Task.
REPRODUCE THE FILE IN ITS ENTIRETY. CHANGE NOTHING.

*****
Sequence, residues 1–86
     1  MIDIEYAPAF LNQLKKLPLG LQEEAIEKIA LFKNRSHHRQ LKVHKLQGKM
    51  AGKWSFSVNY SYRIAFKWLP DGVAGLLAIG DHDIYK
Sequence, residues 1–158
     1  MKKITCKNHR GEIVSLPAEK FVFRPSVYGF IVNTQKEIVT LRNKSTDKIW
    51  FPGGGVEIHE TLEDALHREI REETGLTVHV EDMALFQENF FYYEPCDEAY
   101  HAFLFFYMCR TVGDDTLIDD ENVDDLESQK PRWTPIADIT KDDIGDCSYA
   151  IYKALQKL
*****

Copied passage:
Sequence, residues 1–86
     1  MIDIEYAPAF LNQLKKLPLG LQEEAIEKIA LFKNRSHHRQ LKVHKLQGKM
    51  AGKWSFSVNY SYRIAFKWLP DGVAGLLAIG DHDIYK
Sequence, residues 1–158
     1  MKKITCKNHR GEIVSLPAEK FVFRPSVYGF IVNTQKEIVT LRNKSTDKIW
    51  FPGGGVEIHE TLEDALHREI REETGLTVHV EDMALFQENF FYYEPCDEAY
   101  HAFLFFYMCR TVGDDTLIDD ENVDDLESQK PRWTPIADIT KDDIGDCSYA
   151  IYKALQKL